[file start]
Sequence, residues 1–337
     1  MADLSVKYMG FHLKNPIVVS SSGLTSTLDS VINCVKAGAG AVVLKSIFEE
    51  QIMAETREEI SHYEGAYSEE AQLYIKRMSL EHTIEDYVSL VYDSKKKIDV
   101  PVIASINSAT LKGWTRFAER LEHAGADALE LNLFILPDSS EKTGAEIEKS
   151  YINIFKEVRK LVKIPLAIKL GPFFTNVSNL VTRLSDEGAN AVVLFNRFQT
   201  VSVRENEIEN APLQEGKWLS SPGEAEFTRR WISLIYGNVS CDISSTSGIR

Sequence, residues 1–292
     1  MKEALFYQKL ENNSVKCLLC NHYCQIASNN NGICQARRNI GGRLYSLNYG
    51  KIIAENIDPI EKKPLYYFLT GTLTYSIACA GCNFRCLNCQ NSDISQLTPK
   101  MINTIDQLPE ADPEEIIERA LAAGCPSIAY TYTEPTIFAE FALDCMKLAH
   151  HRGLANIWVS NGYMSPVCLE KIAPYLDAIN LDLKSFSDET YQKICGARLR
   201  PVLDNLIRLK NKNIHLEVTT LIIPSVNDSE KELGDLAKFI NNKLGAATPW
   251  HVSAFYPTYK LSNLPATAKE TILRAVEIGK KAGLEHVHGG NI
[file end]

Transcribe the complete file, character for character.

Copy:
Sequence, residues 1–337
     1  MADLSVKYMG FHLKNPIVVS SSGLTSTLDS VINCVKAGAG AVVLKSIFEE
    51  QIMAETREEI SHYEGAYSEE AQLYIKRMSL EHTIEDYVSL VYDSKKKIDV
   101  PVIASINSAT LKGWTRFAER LEHAGADALE LNLFILPDSS EKTGAEIEKS
   151  YINIFKEVRK LVKIPLAIKL GPFFTNVSNL VTRLSDEGAN AVVLFNRFQT
   201  VSVRENEIEN APLQEGKWLS SPGEAEFTRR WISLIYGNVS CDISSTSGIR

Sequence, residues 1–292
     1  MKEALFYQKL ENNSVKCLLC NHYCQIASNN NGICQARRNI GGRLYSLNYG
    51  KIIAENIDPI EKKPLYYFLT GTLTYSIACA GCNFRCLNCQ NSDISQLTPK
   101  MINTIDQLPE ADPEEIIERA LAAGCPSIAY TYTEPTIFAE FALDCMKLAH
   151  HRGLANIWVS NGYMSPVCLE KIAPYLDAIN LDLKSFSDET YQKICGARLR
   201  PVLDNLIRLK NKNIHLEVTT LIIPSVNDSE KELGDLAKFI NNKLGAATPW
   251  HVSAFYPTYK LSNLPATAKE TILRAVEIGK KAGLEHVHGG NI